Chinese city cancels Argentina football match after Messi’s reaction in Hong Kong

Chinese city cancels Argentina football match after Messi’s reaction in Hong Kong

Eugene Hoshiko/AP

Inter Miami’s Lionel Messi plays in a friendly soccer match between Vissel Kobe and Inter Miami at the National Stadium in Tokyo, Japan, on February 7.

Hong Kong

A city in mainland China has canceled its plan to host a soccer match featuring the Argentine national team amid a growing backlash in the country against Argentine star Lionel Messi.

Messi faced a wave of criticism after remaining on the bench during an exhibition match in which his team, Inter Miami, participated in the American Football League in Hong Kong.

The match in Hong Kong was attended by a huge crowd of 40,000 spectators – many of whom were hoping to see the man widely regarded as the best footballer in the world, but the occasion ended acrimoniously when fans booed and jeered and demanded a refund as he had failed. Going down to the field. .

Messi has since said that he wanted to play but was kept off the field due to injury. But this did not prevent a torrent of criticism directed towards the Chinese Internet.

The latest sign of Chinese discontent with Messi came on Friday, when the Hangzhou Sports Bureau said it would no longer host a friendly match between Argentina and Nigeria that was scheduled to be held at the Hangzhou Olympic Sports Centre.

Without referring to this saga about a week ago, the Hangzhou Sports Bureau said in a post on the WeChat application that the match was canceled “in light of the reason known to everyone.”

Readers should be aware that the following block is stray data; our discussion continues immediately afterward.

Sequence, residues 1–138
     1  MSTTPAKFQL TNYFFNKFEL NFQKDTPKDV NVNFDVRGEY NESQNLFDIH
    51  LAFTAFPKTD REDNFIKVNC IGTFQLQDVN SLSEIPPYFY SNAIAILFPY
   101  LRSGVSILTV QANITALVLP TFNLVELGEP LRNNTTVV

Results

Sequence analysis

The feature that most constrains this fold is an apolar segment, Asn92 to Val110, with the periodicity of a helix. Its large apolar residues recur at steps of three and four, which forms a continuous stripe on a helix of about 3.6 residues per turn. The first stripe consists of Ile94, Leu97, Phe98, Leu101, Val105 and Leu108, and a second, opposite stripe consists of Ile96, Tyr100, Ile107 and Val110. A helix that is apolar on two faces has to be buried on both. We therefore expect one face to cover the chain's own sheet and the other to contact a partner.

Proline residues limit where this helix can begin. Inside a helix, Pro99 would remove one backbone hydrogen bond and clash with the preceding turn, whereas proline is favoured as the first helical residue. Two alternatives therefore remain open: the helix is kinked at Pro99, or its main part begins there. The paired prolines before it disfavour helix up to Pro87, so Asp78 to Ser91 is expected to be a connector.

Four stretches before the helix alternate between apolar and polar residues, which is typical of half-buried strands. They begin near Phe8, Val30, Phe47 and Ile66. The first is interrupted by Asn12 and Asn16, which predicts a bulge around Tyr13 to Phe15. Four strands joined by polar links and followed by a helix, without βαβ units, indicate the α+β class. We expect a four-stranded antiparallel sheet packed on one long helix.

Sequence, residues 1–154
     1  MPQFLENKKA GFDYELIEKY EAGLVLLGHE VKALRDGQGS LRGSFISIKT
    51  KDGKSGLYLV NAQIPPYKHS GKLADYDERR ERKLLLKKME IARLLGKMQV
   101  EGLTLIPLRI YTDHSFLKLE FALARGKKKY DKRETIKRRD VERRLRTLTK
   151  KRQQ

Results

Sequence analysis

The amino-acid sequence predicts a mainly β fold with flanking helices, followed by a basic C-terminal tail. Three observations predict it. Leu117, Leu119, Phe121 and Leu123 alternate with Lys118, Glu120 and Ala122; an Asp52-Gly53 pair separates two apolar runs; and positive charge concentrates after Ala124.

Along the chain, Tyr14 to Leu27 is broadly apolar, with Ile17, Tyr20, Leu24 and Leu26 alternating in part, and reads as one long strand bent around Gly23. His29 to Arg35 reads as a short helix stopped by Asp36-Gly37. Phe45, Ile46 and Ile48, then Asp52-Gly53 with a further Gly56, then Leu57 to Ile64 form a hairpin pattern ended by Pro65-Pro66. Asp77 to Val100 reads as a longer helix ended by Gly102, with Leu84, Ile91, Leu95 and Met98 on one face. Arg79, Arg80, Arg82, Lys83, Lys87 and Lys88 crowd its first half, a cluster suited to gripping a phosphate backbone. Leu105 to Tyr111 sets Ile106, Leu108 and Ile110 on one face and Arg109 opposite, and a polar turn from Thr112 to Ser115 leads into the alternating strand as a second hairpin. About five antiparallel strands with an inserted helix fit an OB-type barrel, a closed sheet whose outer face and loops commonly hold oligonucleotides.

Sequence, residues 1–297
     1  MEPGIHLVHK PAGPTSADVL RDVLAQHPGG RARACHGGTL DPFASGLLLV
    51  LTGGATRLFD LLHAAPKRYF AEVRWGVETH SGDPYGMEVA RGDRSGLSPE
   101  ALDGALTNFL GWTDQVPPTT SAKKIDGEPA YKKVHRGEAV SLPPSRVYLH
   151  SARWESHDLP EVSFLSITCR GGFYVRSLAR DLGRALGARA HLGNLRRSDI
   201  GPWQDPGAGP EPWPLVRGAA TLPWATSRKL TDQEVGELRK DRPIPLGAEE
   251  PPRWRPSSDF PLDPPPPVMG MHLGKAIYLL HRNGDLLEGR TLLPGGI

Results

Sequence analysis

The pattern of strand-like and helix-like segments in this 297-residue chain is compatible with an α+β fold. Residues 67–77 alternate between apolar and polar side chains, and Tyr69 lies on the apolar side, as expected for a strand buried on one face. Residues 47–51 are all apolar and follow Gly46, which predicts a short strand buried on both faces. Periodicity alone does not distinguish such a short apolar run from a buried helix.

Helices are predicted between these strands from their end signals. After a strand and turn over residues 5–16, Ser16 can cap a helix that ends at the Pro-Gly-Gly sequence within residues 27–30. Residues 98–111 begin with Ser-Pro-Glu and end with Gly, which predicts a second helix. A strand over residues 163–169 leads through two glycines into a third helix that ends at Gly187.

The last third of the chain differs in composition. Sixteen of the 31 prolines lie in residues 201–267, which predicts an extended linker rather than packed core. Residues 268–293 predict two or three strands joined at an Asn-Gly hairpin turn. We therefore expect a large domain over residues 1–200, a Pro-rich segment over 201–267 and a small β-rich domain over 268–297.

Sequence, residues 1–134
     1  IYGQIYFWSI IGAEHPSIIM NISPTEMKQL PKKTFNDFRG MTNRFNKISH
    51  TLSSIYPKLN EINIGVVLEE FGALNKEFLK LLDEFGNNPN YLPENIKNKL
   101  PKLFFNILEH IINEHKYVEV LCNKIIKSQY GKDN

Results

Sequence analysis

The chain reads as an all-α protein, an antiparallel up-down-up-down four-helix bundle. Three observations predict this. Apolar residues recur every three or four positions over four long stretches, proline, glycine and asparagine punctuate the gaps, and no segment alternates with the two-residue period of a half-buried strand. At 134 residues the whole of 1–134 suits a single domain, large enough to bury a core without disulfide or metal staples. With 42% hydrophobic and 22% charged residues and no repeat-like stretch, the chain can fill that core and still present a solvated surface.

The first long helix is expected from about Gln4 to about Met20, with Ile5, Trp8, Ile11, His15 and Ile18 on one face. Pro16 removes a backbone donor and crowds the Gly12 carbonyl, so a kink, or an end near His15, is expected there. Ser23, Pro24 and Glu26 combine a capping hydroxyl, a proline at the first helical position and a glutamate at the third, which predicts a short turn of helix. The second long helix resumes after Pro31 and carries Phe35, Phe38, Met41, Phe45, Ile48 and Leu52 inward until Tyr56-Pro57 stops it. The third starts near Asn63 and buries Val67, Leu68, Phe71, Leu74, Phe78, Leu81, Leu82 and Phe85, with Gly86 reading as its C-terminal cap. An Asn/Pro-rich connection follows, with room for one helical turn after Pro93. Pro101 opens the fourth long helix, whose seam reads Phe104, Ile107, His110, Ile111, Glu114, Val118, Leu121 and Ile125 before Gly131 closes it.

She added, “The conditions for holding the event are not ripe and it was decided to cancel the event.”

The match in Hangzhou was one of two matches Argentina was scheduled to play in China in March.

They are also scheduled to face Ivory Coast at the Workers’ Sports Complex in Beijing.

Messi remained on the bench when Inter Miami played the Hong Kong side on 4 February, despite repeated requests from the Hong Kong government and the organiser, Tatler Asia, for him to take to the field.

His coach later said that Messi was injured and the medical team advised him at the last minute not to play. Messi later said that this was a “shame” and that he wanted to participate.

His subsequent thirty-minute appearance in a friendly match days later against Vissel Kobe in Japan only served to further anger Chinese fans, with many – including pro-Beijing politicians in Hong Kong – likening him to insulting China.

Messi now faces a public relations nightmare in one of the world’s most lucrative sporting markets, where he has until now enjoyed widespread popularity.

Hong Kong match organizer Tatler XFEST announced on Friday that it would refund 50% of the ticket price to fans, a move it said would cost the company $7.1 million and leave it facing losses of nearly $5.5 million.

“Our ambition was to create a special moment to support the government’s efforts to remind the world how important and exciting Hong Kong is. That dream has been shattered today for us and for all those who bought tickets to see Messi on the pitch,” said the company, which publishes Tatler-branded magazines across Asia.

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